Remembering People Power 1986 | Inquirer Opinion

Remembering People Power 1986

/ 04:02 AM February 22, 2021

Filipinos will celebrate this Thursday the anniversary of the downfall of the Marcos regime, which ruled the country with an iron hand for 14 years from 1972 to 1986. It was 35 years ago when our people kicked out a hated regime after four fateful days in February 1986.

Unfortunately, people’s memory is short. This generation 35 years old or younger was not born yet at that time — imagine that — and hence does not know first-hand the abuses of the Marcos regime. Many are too young to remember that the Marcos family robbed our country blind before he was chased away in 1986 from Malacañang to Hawaii where he eventually died.


We older folks remember only too well the events that led to the downfall of the dictator—starting with the snap presidential election marked by massive Marcos fraud and the furor that followed when Marcos manipulated the vote count, to the mutiny spearheaded by then defense minister Juan Ponce Enrile and Armed Forces vice chief of staff Gen. Fidel Ramos, and finally, the bloodless people’s revolution that toppled Marcos.

On the evening of Feb. 22, Enrile and Ramos told Marcos they were withdrawing support for his discredited regime. The two then holed up in Camp Crame and Camp Aguinaldo with their soldiers. Jaime Cardinal Sin, the archbishop of Manila, warned against bloodshed and called upon the people to form a protective shield around the two camps. The rest is history.


On the morning of Feb. 23, people were coming to Camp Crame by the tens of thousands. In Los Baños, my wife and I joined a UPLB rally of support for Ramos and Enrile; we marched around campus and sent their message to the local military commander. At noon the following day, Feb. 24, we joined the human barricades around the two camps — Crame and Aguinaldo. Our group approached two truckloads of Marines. We tried to persuade them to defect while other people offered them food and flowers. They were part of a convoy of tanks and armored vehicles caught in the mass of humanity gathered on Edsa. After a few minutes, the Marines pulled back. One victory for the people’s revolution. Other defections soon followed.

My wife and I bivouacked with the UPLB contingent, marching with our own UPLB banner at one side of Camp Aquinaldo. Our mission: to prevent Marcos soldiers from invading Camp Crame, imagine that!

The following day, Feb. 25, we marched some 7 kilometers from where we had parked the car with UPLB students. This time, we saw a company of Marines surrender to people manning the barricades. They were escorted by a cordon of seminarians while people applauded as they passed by. The Marines were making the familiar L sign with their fingers (for Laban, meaning fight, the battle symbol of the Cory Aquino campaign).

By this time, about 2 million people were milling around the two camps. We were witnessing a historic moment in the saga of our nation, an unusual sight which saw civilians protecting soldiers! Some scenes and sounds from this smiling people’s revolution:

• The awesome sea of humanity that filled the eight-lane Edsa, as far as the eye could see, all determined to stop with bare hands tanks, armored vehicles, and soldiers.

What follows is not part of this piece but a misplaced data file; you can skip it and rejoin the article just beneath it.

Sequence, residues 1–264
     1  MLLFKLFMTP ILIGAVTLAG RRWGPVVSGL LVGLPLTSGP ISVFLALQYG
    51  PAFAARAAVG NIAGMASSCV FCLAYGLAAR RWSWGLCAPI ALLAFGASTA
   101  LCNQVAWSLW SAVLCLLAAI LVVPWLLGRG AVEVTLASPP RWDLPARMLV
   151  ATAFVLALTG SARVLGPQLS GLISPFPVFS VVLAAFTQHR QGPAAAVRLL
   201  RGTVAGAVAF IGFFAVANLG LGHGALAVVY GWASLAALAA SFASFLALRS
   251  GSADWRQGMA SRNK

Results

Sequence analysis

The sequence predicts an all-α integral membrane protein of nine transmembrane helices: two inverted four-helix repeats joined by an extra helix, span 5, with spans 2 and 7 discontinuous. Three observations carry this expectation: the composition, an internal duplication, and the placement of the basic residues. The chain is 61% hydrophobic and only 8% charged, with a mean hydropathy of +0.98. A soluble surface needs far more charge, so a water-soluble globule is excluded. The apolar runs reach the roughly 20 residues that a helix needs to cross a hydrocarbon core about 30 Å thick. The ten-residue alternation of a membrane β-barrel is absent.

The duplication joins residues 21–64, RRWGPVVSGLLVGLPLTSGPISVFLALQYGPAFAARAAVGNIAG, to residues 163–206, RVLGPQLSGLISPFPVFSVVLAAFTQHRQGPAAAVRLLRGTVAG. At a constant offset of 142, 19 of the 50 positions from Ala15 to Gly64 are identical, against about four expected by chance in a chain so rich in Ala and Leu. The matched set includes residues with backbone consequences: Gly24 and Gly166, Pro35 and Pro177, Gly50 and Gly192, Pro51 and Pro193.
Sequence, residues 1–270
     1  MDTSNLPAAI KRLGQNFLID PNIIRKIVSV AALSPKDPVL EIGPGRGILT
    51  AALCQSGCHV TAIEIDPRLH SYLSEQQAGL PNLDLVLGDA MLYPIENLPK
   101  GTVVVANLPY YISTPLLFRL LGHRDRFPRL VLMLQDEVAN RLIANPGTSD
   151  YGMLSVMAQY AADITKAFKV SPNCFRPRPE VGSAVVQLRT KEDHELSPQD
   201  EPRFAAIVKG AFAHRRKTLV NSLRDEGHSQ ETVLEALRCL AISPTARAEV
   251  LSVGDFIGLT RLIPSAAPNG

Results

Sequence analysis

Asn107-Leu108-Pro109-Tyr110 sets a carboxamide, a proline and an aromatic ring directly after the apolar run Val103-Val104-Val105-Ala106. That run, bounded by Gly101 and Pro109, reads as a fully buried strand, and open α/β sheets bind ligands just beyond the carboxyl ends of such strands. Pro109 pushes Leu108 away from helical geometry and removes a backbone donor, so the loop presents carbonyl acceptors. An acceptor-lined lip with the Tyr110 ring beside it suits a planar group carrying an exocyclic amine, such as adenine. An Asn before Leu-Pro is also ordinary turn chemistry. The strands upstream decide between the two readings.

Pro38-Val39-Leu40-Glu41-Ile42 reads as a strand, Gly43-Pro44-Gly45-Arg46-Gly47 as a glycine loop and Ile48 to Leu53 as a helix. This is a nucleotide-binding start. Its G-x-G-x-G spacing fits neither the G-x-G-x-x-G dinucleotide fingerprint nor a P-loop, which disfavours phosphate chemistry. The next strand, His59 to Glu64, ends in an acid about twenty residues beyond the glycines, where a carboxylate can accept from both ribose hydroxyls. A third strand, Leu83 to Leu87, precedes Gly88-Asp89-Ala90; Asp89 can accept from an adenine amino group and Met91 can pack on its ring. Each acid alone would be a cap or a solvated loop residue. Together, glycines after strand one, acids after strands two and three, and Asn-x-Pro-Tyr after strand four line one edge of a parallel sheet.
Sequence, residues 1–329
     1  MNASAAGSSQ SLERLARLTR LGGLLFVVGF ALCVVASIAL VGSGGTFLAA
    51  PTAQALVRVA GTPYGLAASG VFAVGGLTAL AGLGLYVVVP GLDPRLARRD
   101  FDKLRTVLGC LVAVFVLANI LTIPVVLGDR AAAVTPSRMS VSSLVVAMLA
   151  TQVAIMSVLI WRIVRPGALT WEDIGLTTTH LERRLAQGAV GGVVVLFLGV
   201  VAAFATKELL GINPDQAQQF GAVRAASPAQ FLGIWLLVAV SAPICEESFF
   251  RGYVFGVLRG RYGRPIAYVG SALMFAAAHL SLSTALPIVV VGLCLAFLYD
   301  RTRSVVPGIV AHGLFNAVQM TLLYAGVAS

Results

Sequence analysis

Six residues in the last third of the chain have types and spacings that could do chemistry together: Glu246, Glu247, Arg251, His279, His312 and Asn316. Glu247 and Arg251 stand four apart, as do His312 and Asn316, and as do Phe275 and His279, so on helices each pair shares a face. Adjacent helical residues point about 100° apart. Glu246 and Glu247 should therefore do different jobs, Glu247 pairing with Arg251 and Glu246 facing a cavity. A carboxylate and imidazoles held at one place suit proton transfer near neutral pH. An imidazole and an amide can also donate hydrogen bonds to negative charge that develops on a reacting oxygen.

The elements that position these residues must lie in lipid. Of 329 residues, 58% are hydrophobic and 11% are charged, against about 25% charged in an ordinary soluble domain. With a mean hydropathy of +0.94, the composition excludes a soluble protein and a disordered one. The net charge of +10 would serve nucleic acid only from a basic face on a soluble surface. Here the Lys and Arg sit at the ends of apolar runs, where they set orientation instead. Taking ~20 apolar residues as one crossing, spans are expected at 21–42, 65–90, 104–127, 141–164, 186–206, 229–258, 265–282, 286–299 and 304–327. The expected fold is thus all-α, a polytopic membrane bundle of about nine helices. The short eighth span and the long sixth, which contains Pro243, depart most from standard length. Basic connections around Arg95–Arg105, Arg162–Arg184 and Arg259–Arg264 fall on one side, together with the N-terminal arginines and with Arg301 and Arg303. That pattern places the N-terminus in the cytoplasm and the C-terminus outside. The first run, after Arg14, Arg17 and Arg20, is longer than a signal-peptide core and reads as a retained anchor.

• Images of the Virgin Mary atop huge hauling trucks used to barricade streets, surrounded by people singing “Ave Maria,” “Our Father,” and other religious hymns.

• Nuns and students, middle-class people and well-dressed elite, on their knees in the streets praying the rosary in front of the soldiers.


• An invalid in a wheelchair manning one of the barricades.

• A three-year-old child flashing the

Laban “L” sign, perched on the shoulders of his father.

• Seminarians carrying huge crosses, their only weapons in this war.

• Contingents of poor people from the slums, children and adults, marching behind drum and bugle corps, waving banners with all kinds of slogans and all colors—yellow, red, black, white, and blue—or singing the alternative national anthem, “Bayan Ko.”

Meantime, Marcos was in Malacañang, adamant. My wife and I were resigned to continue staying in the barricades for another week if need be. Then it happened. That evening we saw on TV that finally the SOB had fled to Clark Air Base on his way to the United States for asylum. It was a moment we will never forget. All the pent-up frustrations inside us for 14 years were suddenly released. We prayed in thanksgiving with the priest-television announcer at the time, and we all wept unashamedly.

There was shouting and dancing in the streets. Millions were out celebrating until morning. The miracle of it all was that we were able to drive out the despot in a bloodless revolution that caught the world’s imagination. Cardinal Sin called it the miracle of Edsa.

When Marcos finally left, there was also drama unfolding in the newsrooms, including the Inquirer. The editor of the paper at the time was Louie Beltran, a hard-boiled journalist who recalled his experience when this happened: “Some guys from foreign television interviewed me and I was explaining that elections were like a basketball game between the Celtics and the Lakers. They asked me how I felt. Tinamaan talaga ako (I was hit hard). Sometimes you never know the depths of your feelings. I wanted to say something glib. Before I knew it, I was crying.”

* * *

Crispin C. Maslog is a former journalist with Agence France-Presse. In 1986, he was teaching journalism and development communication at UP Los Baños, Laguna.

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TAGS: Commentary, Crispin Maslog, edsa revolt, Marcos regime, People Power
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